In my August Newsletter, I updated the recent issues with John O’Quinn’s estate. O’Quinn died late in 2009 and his long-time partner, Darla Lexington, alleges she was O’Quinn’s common-law wife and she was due fifty (50) percent of the marital assets as community property. O’Quinn’s personal representative is fighting that allegation. To learn more about the Lexington/O’Quinn estate battle click here for my May Newsletter. Now there is more news to report.
As mentioned in the newsletter, Lexington was attempting to stop O’Quinn’s personal representative from selling several antique automobiles that O’Quinn had purchased over the time he was in the relationship with Lexington. Last Monday, a Texas Judge denied her claim.
Judge Mike Wood’s ruling was good news for managers of O’Quinn’s estate and the charitable foundation he created. Lawyers for those entities on Friday argued that a massive debt, placed by a knowledgeable source at about $90 million, could go into default if the cars were not sold…Lexington, he said, has been informed of the judge’s denial of the requested injunction and is “taking it hard.”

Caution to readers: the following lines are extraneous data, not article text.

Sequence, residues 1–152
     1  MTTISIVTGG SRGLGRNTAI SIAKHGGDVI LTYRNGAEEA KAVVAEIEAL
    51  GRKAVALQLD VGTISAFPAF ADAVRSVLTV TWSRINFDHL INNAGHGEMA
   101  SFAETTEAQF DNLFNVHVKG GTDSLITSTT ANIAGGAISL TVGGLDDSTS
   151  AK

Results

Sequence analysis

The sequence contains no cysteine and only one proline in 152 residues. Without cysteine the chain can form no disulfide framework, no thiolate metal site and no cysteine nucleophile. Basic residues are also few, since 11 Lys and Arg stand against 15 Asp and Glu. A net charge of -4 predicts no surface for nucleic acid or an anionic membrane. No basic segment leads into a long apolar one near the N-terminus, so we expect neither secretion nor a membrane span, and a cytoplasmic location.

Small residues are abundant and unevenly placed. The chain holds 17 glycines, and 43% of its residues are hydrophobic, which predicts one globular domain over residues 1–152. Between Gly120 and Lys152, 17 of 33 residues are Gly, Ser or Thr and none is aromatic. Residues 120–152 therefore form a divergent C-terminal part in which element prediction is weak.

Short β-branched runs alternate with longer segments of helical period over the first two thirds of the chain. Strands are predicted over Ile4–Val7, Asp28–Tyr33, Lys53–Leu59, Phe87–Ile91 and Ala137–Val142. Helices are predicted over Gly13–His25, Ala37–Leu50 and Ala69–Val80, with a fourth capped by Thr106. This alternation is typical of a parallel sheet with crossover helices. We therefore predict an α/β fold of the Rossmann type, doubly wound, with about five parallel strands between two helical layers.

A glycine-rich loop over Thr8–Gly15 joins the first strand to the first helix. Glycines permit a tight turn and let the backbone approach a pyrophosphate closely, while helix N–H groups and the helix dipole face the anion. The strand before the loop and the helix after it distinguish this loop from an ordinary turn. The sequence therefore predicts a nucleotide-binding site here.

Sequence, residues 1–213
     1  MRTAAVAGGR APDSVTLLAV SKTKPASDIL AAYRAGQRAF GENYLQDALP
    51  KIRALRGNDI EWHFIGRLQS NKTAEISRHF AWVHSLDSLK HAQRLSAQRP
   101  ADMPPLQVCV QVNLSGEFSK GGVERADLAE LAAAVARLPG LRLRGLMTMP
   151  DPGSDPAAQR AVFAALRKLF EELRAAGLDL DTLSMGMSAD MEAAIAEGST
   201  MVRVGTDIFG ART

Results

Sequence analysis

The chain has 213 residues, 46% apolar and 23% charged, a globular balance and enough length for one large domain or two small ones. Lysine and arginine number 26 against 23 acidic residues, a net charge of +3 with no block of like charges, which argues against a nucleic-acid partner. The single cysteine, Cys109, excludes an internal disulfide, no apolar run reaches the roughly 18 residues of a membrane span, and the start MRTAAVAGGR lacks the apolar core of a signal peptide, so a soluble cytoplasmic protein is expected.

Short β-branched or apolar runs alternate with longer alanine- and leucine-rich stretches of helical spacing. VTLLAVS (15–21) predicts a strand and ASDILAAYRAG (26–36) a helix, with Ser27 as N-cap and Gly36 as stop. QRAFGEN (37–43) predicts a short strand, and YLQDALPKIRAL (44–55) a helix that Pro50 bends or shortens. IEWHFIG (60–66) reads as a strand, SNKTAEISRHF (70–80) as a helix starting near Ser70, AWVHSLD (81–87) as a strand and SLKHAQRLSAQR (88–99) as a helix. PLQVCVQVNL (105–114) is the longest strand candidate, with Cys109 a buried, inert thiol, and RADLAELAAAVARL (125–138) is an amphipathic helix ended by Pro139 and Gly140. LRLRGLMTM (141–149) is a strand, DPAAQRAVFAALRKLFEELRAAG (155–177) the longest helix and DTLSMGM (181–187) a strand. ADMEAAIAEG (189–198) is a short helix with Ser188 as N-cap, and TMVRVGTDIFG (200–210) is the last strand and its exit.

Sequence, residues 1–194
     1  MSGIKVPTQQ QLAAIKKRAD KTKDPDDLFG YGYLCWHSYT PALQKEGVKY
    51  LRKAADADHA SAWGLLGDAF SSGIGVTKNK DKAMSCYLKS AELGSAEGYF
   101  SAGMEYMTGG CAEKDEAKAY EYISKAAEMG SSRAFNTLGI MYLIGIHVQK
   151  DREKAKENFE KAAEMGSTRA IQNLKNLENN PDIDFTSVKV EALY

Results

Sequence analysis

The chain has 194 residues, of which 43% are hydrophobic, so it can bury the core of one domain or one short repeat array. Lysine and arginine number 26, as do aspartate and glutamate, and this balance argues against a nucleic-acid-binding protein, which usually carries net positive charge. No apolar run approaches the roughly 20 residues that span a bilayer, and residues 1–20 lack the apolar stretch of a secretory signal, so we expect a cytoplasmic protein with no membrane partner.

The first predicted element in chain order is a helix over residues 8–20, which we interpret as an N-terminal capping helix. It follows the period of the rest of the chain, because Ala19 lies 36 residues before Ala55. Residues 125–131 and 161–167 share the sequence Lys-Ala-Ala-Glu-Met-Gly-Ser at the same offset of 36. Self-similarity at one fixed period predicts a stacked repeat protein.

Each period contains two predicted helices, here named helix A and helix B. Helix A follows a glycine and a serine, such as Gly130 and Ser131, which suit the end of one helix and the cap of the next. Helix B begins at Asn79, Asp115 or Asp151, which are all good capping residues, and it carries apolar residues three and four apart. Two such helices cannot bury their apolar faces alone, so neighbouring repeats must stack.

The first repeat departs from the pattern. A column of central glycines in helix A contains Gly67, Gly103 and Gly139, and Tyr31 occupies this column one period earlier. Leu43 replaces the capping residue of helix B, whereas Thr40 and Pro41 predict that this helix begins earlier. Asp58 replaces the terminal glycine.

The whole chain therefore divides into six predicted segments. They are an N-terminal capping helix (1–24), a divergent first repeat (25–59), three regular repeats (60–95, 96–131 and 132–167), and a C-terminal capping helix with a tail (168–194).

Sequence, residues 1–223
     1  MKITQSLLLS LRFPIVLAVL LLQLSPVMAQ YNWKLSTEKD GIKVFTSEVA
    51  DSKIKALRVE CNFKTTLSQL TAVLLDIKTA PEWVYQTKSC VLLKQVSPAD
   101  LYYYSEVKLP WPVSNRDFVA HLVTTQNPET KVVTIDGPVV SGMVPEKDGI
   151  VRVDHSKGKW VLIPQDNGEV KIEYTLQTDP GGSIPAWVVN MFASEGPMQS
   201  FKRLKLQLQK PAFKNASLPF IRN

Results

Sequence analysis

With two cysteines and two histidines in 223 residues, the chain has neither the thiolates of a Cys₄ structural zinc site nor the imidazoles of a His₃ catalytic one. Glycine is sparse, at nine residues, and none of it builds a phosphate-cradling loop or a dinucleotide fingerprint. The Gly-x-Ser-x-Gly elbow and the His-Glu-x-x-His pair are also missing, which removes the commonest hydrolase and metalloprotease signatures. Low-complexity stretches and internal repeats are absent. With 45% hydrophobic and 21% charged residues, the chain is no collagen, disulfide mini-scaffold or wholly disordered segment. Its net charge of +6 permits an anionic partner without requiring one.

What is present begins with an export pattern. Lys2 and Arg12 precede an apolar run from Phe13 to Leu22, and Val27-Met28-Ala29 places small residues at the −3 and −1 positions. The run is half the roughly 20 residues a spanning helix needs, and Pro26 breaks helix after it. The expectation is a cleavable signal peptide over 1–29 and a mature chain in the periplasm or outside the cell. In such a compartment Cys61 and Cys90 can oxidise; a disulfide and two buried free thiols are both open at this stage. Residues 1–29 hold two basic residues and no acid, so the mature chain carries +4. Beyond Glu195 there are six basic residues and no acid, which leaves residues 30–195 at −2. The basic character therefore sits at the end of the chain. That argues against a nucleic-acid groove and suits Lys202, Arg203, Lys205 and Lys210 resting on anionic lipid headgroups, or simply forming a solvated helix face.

Without going into too much detail, that is not good news for Lexington’s claims going forward. If her claim of a common law marriage was stronger the judge would have likely denied the sale. Her attorney will likely need to bring an action against the estate to claim any money that results from the sale of the automobile. Unfortunately, just like any other creditor. With an estate 90 million in the red, there is a long list of creditors and the question will be if there is enough money in the estate to satisfy those creditors.